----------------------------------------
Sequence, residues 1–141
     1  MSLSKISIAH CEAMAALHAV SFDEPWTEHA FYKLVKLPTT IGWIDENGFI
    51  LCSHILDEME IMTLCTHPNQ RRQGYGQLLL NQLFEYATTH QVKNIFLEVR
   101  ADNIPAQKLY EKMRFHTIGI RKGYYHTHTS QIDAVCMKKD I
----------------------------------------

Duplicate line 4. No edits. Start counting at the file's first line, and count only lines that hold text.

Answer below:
   101  ADNIPAQKLY EKMRFHTIGI RKGYYHTHTS QIDAVCMKKD I